Llangors Lake (also known as Llangorse Lake or Llyn Syfaddan) is located in the Brecon Beacons National Park. Like much of the landscape in the area, it was formed during the Ice Age. The glacial erosion created the largest natural lake in South Wales.
This is an excellent setting for outdoor activities including water sports, fishing and walking to suit all levels. If you are just looking for a gentle stroll, there is a waymarked Lake Trail that is suitable for families. There are also challenging routes which include the surrounding mountains.
One longer route begins in the village of Llangors and immediately ascends in the direction of Cockit Hill. This is the first of three peaks along the route but it is not essential to climb to the summit as there is a path that goes around the base. If you are feeling energetic, the ascent is rewarded with a spectacular view of Llangors Lake.
At this point, you can either continue along a footpath on the ridge or return down the same path as the ascent to join back up with the track around the foot of Cockit Hill.
Either way will lead to the trig point on Mynydd Llangorse. Reaching 515m (1690ft) at the highest point, the ascent levels out as it reaches the top. From here, the footpath is well-defined and eventually links with the Beacons Way to cross Cefn Moel. Following this, the descent heads in the direction of Heol-las Farm.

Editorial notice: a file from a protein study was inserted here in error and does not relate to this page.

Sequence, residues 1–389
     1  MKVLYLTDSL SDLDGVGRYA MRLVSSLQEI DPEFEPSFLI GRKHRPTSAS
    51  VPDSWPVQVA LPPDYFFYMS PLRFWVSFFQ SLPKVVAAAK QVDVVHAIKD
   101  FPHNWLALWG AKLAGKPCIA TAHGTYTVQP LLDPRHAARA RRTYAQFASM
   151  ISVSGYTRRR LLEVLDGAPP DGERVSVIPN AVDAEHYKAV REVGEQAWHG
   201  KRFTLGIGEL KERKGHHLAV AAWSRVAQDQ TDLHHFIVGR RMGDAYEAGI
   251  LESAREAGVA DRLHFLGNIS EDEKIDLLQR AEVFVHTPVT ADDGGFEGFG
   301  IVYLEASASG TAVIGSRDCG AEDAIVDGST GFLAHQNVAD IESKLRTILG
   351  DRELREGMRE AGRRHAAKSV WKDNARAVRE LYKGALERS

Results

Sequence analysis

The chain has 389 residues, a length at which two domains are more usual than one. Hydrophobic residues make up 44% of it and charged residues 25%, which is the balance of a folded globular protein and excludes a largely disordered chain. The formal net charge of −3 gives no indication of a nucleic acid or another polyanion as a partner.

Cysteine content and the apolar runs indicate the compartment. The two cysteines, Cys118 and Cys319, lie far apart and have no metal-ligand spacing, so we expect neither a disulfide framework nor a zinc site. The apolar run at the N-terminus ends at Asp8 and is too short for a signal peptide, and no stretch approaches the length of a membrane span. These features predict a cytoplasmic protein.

After crossing the road (B4560), the route begins ascending again along a bridleway (a short section of the Three Rivers Ride – part of the National Bridleroute Network). This goes past the Welsh Venison Centre, where there is a farm shop and café, before reaching the third peak of Allt yr Esgair (393m or 1289ft). The remains of a hillfort can be seen near the summit. With panoramic views in all directions, it is easy to see why this would have been an ideal settlement for Iron Age people.
Allt yr Esgair is also a popular location for mountain biking but there is a separate signposted path for walkers as it descends. This reaches Llangasty Village Hall before heading downhill to Tymawr Farm. The route then joins the Lake Trail to take you around Llangors Lake.
Along the way, the path passes The Welsh Crannog Centre. A crannog is an ancient lake dwelling. Llangors Lake has the only known example of this type in Wales and it is believed to have connections with the King of Brycheiniog. There are many myths and legends associated with the area surrounding the lake, including a suggestion that it was the potential location of King Arthur’s Camelot.
It is only a short walk from the lake to reach the end of the route.
At twelve and a half miles long, this particular route is challenging. However, an internet search of the area will provide numerous detailed routes to suit everyone.
A version of this article first appeared in ‘Bwrdd’ – The Newsletter for Mensa Cymru, August 2019.
I also write blogs for businesses. Please visit the Writing Services page for more information.